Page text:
ORLANDO -- The discipline of research on online learning is nascent enough, and the body of long-term studies thin enough at this point, that keeping tabs on the state of thinking is a bit like watching a table tennis match. Every study that provides evidence of the effectiveness of online teaching seems to elicit a critical one. And vice versa.
Last week's meeting of the Sloan Consortium's International Conference on Online Learning brought the latest such volley. Peter Shea, an associate professor of education at the State University of New York at Albany, said the study he presented here, "Does Online Learning Help Community College Students Attain a Degree?" was spurred by a series of studies published in the last two years by the Community College Research Center at Columbia University's Teachers College.
Those studies, based on data from community college systems in Virginia and Washington State, found that students who enrolled in online courses -- controlling for various factors that tend to predict success -- were more likely to fail or drop out of the courses than were those who took the same courses in person. (Notably, there was no gap in completion between those enrolled in hybrid and in-person courses.) The research also showed that students who took higher shares of coursework online than did their peers were slightly but statistically significantly less likely either to finish a degree or certificate or to transfer to a four-year institution.
Those findings struck Shea as odd, given his previous research on the topic and his work as the former director of SUNY's online education system. "It seemed counterintuitive to me that a modality of education that is flexible and convenient would have worse outcomes" for a group of students who would seem likely to benefit from an education delivered that way, he said in an interview.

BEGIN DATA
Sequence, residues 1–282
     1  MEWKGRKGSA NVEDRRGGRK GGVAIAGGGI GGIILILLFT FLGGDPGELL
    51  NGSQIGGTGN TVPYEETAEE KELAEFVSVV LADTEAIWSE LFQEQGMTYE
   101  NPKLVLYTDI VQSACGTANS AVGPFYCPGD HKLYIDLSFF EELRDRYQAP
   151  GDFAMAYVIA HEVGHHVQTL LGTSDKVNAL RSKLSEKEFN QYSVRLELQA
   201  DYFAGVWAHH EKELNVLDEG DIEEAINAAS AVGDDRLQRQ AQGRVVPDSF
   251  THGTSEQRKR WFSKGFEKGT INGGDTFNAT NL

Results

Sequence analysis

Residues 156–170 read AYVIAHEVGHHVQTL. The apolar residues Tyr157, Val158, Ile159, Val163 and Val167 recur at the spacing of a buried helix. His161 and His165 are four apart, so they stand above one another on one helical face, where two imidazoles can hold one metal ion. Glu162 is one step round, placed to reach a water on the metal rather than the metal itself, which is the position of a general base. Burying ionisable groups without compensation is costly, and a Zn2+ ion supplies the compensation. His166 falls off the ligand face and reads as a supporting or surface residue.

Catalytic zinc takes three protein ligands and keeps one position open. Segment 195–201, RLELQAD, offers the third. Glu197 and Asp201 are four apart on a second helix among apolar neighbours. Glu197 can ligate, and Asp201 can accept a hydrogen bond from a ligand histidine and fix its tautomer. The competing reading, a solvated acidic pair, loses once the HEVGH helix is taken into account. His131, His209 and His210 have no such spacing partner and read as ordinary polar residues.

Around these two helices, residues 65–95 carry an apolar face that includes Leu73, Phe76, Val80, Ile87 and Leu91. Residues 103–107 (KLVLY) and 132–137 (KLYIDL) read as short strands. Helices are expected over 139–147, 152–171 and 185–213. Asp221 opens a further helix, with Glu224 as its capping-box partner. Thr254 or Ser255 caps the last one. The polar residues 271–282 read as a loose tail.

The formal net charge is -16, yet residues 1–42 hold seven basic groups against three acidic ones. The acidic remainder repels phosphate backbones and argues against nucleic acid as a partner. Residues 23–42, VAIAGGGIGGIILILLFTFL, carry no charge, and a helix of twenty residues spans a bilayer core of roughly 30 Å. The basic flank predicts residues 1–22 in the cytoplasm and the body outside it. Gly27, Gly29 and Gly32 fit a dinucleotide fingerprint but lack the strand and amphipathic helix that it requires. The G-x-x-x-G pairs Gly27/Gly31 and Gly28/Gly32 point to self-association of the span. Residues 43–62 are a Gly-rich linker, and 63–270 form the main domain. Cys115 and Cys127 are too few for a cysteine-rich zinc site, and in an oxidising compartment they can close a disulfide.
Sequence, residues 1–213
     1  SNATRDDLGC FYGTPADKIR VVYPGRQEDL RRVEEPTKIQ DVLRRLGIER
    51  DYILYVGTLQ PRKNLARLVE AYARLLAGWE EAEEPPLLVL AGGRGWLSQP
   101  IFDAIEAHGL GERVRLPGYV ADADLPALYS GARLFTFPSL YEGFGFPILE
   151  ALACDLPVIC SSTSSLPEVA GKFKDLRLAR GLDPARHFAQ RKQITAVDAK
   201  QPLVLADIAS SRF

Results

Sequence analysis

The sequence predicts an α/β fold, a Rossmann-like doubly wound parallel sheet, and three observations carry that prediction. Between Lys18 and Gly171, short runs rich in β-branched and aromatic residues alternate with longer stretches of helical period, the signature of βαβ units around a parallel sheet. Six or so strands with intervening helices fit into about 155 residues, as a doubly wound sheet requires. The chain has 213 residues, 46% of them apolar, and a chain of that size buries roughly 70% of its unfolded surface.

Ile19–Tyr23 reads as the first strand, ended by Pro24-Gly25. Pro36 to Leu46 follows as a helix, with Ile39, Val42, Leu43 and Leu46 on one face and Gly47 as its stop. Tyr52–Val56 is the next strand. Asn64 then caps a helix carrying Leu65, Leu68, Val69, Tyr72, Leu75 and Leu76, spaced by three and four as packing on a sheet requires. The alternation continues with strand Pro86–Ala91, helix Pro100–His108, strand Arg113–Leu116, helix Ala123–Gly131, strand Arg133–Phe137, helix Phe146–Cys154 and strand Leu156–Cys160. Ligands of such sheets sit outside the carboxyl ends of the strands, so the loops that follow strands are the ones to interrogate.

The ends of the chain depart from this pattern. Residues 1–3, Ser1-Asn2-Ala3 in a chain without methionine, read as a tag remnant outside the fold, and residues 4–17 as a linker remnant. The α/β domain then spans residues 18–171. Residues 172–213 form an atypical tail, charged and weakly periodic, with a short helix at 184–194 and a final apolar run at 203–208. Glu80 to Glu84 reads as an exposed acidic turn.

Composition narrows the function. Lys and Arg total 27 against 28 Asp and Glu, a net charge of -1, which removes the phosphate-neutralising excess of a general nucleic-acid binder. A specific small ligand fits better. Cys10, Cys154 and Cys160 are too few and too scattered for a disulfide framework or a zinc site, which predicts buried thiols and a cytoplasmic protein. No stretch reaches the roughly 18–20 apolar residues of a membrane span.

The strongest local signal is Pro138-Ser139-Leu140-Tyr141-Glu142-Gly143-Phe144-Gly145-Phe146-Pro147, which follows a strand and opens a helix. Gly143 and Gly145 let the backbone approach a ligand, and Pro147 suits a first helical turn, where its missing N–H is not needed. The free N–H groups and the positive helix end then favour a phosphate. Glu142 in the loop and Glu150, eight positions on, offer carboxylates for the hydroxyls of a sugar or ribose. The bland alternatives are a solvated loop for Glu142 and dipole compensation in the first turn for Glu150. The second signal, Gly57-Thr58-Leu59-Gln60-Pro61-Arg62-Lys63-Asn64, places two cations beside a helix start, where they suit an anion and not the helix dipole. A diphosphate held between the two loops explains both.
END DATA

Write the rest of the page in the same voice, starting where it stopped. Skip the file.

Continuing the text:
So Shea set out to try to replicate the findings, using a national sample (the U.S. Education Department's Beginning Postsecondary Students Longitudinal Study) rather than data from two states.
His study, which is under review by the journal Computers and Education, sought to replicate as much as possible the design and sample of the Community College Research Center studies, except for broadening it to a national group of students who started out at community colleges in 2004.
Excluding students who did not aim to attain a degree, were not enrolled in degree programs, or did not have a high school diploma, Shea found certain positive and negative effects unrelated to online education; the odds that students attained a degree rose with the number of months they were enrolled full time, fell as the number of interruptions in their enrollment grew, and were not affected by how many institutions they attended.
In contrast to the CCRC studies, the Albany research found that students who had enrolled in at least one online course in their first year did not come into college with better academic preparation than did those who took no courses at a distance.
And students who took online courses at a distance were 1.25 times likelier to earn a credential (certificate, associate or bachelor's degree) by 2009 than were their peers who had not taken any online courses. Those who started college with a goal of attaining a certificate (rather than a bachelor's degree) and took online courses were 3.22 times as likely to earn a credential than were students who did not take online courses.
What would explain the differences in findings between the two sets of studies?
"The primary distinction here is that we are using a nationally representative data set rather than data from two states," Shea said via email. "It is conceivable that the states [CCRC] studied are outliers and that when we look at the broader U.S. picture, some states do better than others at supporting the success of online students. In other words, the negative outcomes that were found in Washington and Virginia may only apply to those two states, and these disappointing conclusions are not an accurate depiction of the state of online learning in the United States."
Shanna Jaggars, a co-author of the Community College Research Center studies, said that she had difficulty responding to Shea's results, given that at this point they are in PowerPoint rather than paper form, and said she did not have enough evidence to know whether the conclusions "might be overdrawn."
But she speculated that older students may have driven the Albany study's findings.
"For older students who are working full-time and have children, the ability to maintain a full-time load by mixing in one or two online courses per semester may outweigh the negative consequences of performing slightly more poorly in each online course they take," Jaggars said via email. "That's because they need the flexibility more than younger students do, and their decrement in performance in online courses is not as strong as that of younger students."